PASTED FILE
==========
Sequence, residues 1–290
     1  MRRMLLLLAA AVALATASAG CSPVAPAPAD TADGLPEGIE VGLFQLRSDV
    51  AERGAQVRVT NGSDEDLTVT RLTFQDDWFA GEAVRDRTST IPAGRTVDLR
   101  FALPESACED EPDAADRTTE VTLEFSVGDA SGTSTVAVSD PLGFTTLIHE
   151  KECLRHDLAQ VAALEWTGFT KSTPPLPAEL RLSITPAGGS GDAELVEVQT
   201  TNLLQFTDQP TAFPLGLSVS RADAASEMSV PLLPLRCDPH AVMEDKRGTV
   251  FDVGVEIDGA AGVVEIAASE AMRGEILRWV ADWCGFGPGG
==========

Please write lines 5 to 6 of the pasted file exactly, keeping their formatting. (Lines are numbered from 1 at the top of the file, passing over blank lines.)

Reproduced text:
   151  KECLRHDLAQ VAALEWTGFT KSTPPLPAEL RLSITPAGGS GDAELVEVQT
   201  TNLLQFTDQP TAFPLGLSVS RADAASEMSV PLLPLRCDPH AVMEDKRGTV